Air New Zealand Airpoints renews its partnership with ANZ: Air New Zealand and ANZ Bank New Zealand have renewed their existing partnership relating to the Air New Zealand Airpoints programme for another five years. The strategic partnership between the two iconic brands was first established in 2010 and since then has provided thousands of ANZ Airpoints Visa cardholders with Airpoints Dollars and a range of other card benefits. Air New Zealand General Manager Loyalty Kate O’Brien says the re-signing of ANZ will breathe new life into one of the oldest partnerships in the Airpoints programme. This renewed partnership comes at a pivotal moment for the Air New Zealand Airpoints programme and we’ll be working closely with ANZ to explore new products and services to enhance the experience for our mutual customers.” The re-signing of ANZ strengthens the Airpoints programme. Following the recent announcement of a new Airpoints earning partnership with Smiths City and increased product range on the Airpoints Store, Air New Zealand’s loyalty programme offers more choice and greater rewards to valued Airpoints members.
Emirates to re-instate pre-pandemic flight frequencies to India: Emirates has re-introduced pre-pandemic flight frequencies to its destinations in India. The airline will be operating 170 weekly flights to nine cities in the country. The move comes on the back of the decision by the Indian government to restore international flights to and from the country in line with established bilateral agreements from the end of March 2022. Emirates will be operating the following flights: Mumbai- 35 weekly flights; New Delhi- 28 weekly flights; Bengaluru – 24 weekly flights; Chennai- 21 weekly flights; Hyderabad- 21 weekly flights; Kochi- 14 weekly flights; Kolkata – 11 weekly flights; Ahmedabad- nine weekly flights; Thiruvananthapuram – seven weekly flights. Emirates has also brought back its customer-favourite Airbus A380 on a daily basis between Dubai and Mumbai in March 2022. Emirates flight EK 500/ 501 is operated by the iconic double decker aircraft.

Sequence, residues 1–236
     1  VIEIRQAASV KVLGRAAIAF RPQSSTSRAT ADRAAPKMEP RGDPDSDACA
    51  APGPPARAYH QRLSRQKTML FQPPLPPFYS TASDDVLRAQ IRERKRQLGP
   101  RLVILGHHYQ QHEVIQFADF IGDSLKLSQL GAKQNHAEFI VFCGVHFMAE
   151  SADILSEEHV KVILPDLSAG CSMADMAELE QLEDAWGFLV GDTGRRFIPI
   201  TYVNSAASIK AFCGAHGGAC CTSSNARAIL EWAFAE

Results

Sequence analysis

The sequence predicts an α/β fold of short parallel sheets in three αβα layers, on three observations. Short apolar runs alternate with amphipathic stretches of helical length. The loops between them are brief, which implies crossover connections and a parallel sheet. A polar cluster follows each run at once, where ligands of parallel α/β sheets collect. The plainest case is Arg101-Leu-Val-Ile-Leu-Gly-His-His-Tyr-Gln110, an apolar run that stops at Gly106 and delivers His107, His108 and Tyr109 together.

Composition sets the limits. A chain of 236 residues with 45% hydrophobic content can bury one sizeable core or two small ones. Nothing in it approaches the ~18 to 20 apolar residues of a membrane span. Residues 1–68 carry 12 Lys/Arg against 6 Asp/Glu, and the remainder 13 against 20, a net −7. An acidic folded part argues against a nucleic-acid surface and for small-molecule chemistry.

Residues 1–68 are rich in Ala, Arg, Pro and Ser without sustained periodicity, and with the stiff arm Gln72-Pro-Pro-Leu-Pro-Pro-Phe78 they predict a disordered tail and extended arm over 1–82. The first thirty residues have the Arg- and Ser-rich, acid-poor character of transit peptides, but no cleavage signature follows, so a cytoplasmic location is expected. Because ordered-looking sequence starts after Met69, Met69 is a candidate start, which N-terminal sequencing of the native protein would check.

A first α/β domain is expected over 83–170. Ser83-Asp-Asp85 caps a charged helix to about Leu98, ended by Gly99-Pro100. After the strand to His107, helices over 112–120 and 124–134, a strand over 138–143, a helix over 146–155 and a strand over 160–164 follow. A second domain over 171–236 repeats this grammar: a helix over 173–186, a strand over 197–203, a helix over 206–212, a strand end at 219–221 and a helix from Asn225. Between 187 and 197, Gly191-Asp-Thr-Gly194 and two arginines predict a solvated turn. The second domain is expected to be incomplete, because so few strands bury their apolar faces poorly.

China Airlines prepares for increased services: As part of its continuous review of travel demand, China Airlines is planning to increase the number of passenger-carrying services in its summer schedule, starting with a 20 percent increase in services for April and May. Further adjustments will be made on a rolling basis in response to the latest quarantine policies. The global airline industry launched its summer schedule on March 27 and China Airlines will begin increasing its service frequency from the end of March. Cross-strait services consist of the Beijing, Shanghai (Pudong), Xiamen and Chengdu routes. The Songshan-Shanghai (Pudong) route in particular will be increased to six services per week; the Taoyuan-Shanghai (Pudong) route will be increased to five services per week; the Kaohsiung-Shanghai (Pudong) route will be increased to three services per week, while the Hong Kong route will be increased to five passenger-carrying services per week. On Southeast Asian routes from April onwards, Bangkok (Thailand) will be expanded to three services per week; Singapore will be increased to two services per week; Penang (Malaysia) will be increased to one service per week; Manila (Philippines) will be increased to four services per week; Ho Chi Minh City (Vietnam) will be increased to three services per week, Hanoi (Vietnam) will be increased to three services per week, and Phnom Penh (Cambodia) will be increased to two services per week.
Denmark’s Naviair selects Frequentis ATM: Naviair, the Air Navigation Service Provider (ANSP) of Denmark, will replace its current Clear-The-Sky (CTC) backup Air Traffic Management (ATM) system with a PRISMA backup solution from Frequentis Comsoft, capable of providing continuous traffic handling, for unlimited time periods. The project will form part of an expansion of the Remote Digital Tower (RDT) contract between Frequentis DFS Aerosense GmBH and Naviair. This expansion of the RDT project will build upon the PRISMA APP solution integrated in the RDT system currently being implemented for Billund Approach and Tower. It will include PRISMA Enroute for Naviair’s Area Control Centre (ACC) and APP for approach/tower units in Copenhagen, Billund and Roskilde airports. Naviair selected the integrated digital tower and approach solution from Frequentis DFS Aerosense in early 2020 to manage increasing airspace demand and support the workload of Air Traffic Control Operators (ATCOs). The initial remote tower centre at Billund airport will house the system, which is a combination of a RDT and an approach automation solution (PRISMA APP).